Grumman HU-16 Albatross
(from the Topps Wings Friend or Foe collection)
Grumman designed the versatile Albatross to meet a U.S. Navy requirement for an amphibious utility aircraft which could also operate from snow and ice with skis. During the Korean War, Albatrosses rescued almost 1,000 United Nations personnel from coastal waters and rivers, often behind enemy lines. They also made numerous dramatic and hazardous rescues in Southeast Asia, on occasion taxiing many miles over rough, open water when unable to take off.
The prototype first flew in October of 1947, and soon after the U.S. Air Force ordered a quantity for air-sea rescue duties as SA-16As. Grumman delivered 297 A models to the Air Force, mostly for the Air Rescue Service. In 1962 the USAF changed the designation to HU-16.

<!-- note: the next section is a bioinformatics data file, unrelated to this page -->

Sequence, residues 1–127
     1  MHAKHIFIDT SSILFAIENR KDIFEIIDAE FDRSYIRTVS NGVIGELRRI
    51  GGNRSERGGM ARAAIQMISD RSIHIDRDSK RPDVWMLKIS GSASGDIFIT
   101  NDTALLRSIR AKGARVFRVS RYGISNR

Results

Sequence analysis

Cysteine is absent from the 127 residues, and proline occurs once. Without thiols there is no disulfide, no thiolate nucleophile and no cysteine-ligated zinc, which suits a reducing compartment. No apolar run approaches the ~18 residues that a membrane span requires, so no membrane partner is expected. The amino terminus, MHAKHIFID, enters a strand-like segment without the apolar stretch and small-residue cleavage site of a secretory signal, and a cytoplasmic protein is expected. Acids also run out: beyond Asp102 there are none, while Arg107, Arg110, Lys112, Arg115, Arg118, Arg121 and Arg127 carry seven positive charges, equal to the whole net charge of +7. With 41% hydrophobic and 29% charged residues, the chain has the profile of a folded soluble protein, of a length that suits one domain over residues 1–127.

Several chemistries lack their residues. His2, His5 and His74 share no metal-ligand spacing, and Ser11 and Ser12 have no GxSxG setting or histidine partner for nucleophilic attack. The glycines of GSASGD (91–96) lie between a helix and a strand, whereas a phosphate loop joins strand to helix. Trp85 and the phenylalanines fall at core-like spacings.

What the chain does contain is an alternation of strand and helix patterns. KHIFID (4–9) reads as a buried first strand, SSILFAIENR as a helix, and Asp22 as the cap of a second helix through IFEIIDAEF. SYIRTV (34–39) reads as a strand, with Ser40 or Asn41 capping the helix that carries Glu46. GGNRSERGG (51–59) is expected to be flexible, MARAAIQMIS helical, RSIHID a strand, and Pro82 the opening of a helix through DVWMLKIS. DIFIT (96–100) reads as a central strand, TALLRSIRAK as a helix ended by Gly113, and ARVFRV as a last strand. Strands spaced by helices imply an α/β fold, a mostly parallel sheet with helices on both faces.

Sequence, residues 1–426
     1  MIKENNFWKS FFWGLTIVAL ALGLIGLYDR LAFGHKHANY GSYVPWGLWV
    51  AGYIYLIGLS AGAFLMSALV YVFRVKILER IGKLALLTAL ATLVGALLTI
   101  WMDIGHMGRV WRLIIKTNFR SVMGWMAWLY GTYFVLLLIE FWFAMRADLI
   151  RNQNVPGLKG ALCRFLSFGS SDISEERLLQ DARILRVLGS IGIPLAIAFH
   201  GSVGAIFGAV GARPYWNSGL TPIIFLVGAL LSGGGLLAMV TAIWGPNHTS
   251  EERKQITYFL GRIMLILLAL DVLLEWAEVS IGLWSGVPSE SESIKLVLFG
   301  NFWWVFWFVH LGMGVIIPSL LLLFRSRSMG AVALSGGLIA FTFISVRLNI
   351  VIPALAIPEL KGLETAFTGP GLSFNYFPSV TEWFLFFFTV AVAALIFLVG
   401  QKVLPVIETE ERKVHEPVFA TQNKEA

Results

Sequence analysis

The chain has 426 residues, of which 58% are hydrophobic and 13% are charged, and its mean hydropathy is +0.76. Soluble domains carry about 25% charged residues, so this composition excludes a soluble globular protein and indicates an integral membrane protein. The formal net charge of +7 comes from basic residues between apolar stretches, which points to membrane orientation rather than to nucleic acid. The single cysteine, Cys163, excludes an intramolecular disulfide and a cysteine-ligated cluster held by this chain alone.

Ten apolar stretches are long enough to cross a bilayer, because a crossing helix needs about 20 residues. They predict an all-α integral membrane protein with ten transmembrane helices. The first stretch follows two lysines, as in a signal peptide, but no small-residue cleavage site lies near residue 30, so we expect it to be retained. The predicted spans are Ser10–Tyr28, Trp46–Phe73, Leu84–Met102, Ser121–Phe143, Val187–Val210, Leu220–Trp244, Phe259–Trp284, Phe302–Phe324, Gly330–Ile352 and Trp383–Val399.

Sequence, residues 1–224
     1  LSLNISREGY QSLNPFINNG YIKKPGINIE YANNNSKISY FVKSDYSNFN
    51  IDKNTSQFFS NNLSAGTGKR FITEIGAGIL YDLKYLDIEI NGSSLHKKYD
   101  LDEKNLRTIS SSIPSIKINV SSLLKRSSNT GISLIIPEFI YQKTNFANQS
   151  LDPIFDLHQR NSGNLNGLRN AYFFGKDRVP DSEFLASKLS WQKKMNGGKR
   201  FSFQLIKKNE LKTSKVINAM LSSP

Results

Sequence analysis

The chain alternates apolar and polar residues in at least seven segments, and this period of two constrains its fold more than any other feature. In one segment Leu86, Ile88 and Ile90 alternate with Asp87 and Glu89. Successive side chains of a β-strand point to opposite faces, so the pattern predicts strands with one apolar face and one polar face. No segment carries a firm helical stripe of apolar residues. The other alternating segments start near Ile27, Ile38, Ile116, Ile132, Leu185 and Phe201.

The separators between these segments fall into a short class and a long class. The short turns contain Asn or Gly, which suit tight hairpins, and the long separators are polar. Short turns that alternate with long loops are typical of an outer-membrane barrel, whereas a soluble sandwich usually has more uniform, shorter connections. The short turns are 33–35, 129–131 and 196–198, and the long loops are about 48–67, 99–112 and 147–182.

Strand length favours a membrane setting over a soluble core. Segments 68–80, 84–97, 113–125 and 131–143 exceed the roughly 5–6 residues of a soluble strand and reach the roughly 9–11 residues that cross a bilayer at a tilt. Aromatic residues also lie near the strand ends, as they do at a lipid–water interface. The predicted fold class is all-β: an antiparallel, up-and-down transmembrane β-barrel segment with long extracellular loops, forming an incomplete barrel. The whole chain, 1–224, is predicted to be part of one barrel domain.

In 1955 Grumman developed an improved version with a 16 1/2 foot increase in wingspan and larger aileron and tail surfaces. Beginning in 1957, many A models were converted to the B configuration with these improvements.
HU-16 Albatross Specifications
Engines: Two Wright R-1820s of 1,425 hp each
Maximum speed: 250 mph
Range: 1,650 miles
Span: 96 ft. 8 in.
Length: 62 ft. 10 in.
Height: 25 ft. 10 in.
Weight: 36,000 lbs. maximum
HU-16B Albatross Photos
HU-16B Albatross S/N 51-7144 at the Museum of Aviation in Warner-Robins, Georgia
Grumman HU-16B Albatross, S/N 51-7163, on display at the Castle Air Museum in Atwater, CA
Grumman HU-16 with United States Navy markings